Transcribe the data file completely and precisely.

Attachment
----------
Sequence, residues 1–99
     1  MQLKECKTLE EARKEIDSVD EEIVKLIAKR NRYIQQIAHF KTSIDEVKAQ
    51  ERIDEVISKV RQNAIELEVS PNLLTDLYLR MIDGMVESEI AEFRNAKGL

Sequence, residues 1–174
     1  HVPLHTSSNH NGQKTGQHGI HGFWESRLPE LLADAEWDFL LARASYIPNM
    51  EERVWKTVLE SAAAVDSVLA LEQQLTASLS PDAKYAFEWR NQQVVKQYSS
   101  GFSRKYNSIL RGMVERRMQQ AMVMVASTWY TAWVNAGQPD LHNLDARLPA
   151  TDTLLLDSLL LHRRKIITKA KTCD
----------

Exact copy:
Sequence, residues 1–99
     1  MQLKECKTLE EARKEIDSVD EEIVKLIAKR NRYIQQIAHF KTSIDEVKAQ
    51  ERIDEVISKV RQNAIELEVS PNLLTDLYLR MIDGMVESEI AEFRNAKGL

Sequence, residues 1–174
     1  HVPLHTSSNH NGQKTGQHGI HGFWESRLPE LLADAEWDFL LARASYIPNM
    51  EERVWKTVLE SAAAVDSVLA LEQQLTASLS PDAKYAFEWR NQQVVKQYSS
   101  GFSRKYNSIL RGMVERRMQQ AMVMVASTWY TAWVNAGQPD LHNLDARLPA
   151  TDTLLLDSLL LHRRKIITKA KTCD